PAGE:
DUBAI, June 27 (Reuters) - Abu Dhabi’s Sorouh Real Estate rose on Thursday in its last trading session before being delisted as part of its state-backed merger with Aldar Properties, while all regional markets gained ahead of the weekend.
The tie-up, aimed at reviving the emirate’s battered real estate sector, creates the second-largest listed property firm in the United Arab Emirates and one of the biggest in the Middle East with assets of about $13 billion.
“The merged company is attractive at this stage; the backlog of Abu Dhabi projects is strong,” said Ali Adou, portfolio manager at The National Investor. “I‘m bullish on the contracting, construction and cement sectors in the UAE so it’s a good play to be in over the next two years.”
Sorouh shares rose 4.6 percent to 2.72 dirhams ($0.74), while Aldar gained 2.9 percent to 2.14 dirhams per share.
Under the merger proposal, Sorouh shareholders will get 1.288 Aldar shares for every share they own. Sorouh will be dissolved and delisted from the local bourse. The merged entity’s shares will open on Sunday at 2.14 dirhams with a total paid-up capital of 7.86 billion dirhams.
Abu Dhabi’s benchmark climbed 1 percent, heading into a sideways trend since hitting a 56-month peak on June 13.
Dubai’s index added 0.4 percent, its second rise in the last six sessions, to take year-to-date gains to 37 percent.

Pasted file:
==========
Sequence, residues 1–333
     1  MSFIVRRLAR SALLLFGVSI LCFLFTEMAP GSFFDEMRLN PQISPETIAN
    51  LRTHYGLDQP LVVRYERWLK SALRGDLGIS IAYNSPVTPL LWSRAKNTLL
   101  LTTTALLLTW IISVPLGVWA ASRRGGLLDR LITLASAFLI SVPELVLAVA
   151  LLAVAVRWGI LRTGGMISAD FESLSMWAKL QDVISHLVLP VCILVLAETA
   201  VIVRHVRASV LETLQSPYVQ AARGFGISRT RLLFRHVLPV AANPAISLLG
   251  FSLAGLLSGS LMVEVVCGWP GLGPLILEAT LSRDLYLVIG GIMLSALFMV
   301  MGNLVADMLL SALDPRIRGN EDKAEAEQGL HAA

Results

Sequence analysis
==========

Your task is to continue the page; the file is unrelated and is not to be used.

Investors began booking profits on sharp early-year gains late last week, tracking the move on global markets after the U.S. Federal Reserve said it would end its stimulus programme.
In Kuwait, the measure ticked up 0.2 percent, but has lost 4.7 percent this month in a bout of profit-taking after sharp early-year gains. The market is up 33.3 percent in 2013.
The Kuwaiti government on Wednesday set a fresh date of July 27 for a parliamentary election, delaying by two days the sixth assembly contest in seven years in the politically volatile Gulf country.
“Many retail investors aren’t here - transactions and trading value have shrunk,” said Fouad Darwish, head of brokerage at Global Investment House, pointing to selling ahead of summer vacations and the Muslim holy month of Ramadan, due to start around July 9, as well as due to political uncertainty.
Qatar’s bourse added 0.4 percent, extending gains since the smooth transfer of power to the new ruler, Emir Sheikh Tamim bin Hamad Al Thani.
In Egypt, local investors bought bluechips that have been hammered in recent weeks but trading volumes were thin due to near-term political uncertainty.
The opposition has planned protests against President Mohamed Mursi on June 30 - the one-year anniversary of him taking office. Two people were killed and 90 wounded in street clashes on Wednesday between Mursi’s supporters and opponents.
Investors are largely staying away from trading because of renewed political tensions and foreign investors that were net buyers in this month’s sell-off have changed their stance and are reducing risk as Egypt’s outlook worsens.
Orascom Construction Industries rose 0.8 percent, extending gains after a buyout offer from Dutch-listed parent OCI NV received regulatory approval.
OCI shares closed at 240 pounds ($34.21), presenting further upside due to the tender offer price being 255 pounds-per-share.
Cairo’s index rose 1 percent, its third straight gain since Monday’s one-year trough.
* The index rose 1 percent to 3,540 points.
* The index gained 0.4 percent to 2,222 points.
* The index gained 0.2 percent to 7,913 points.
* The index gained 0.4 percent to 9,299 points.
* The index rose 1 percent to 4,685 points.
* The index advanced 0.2 percent to 6,334 points.
* The index edged up 0.05 percent to 1,189 points.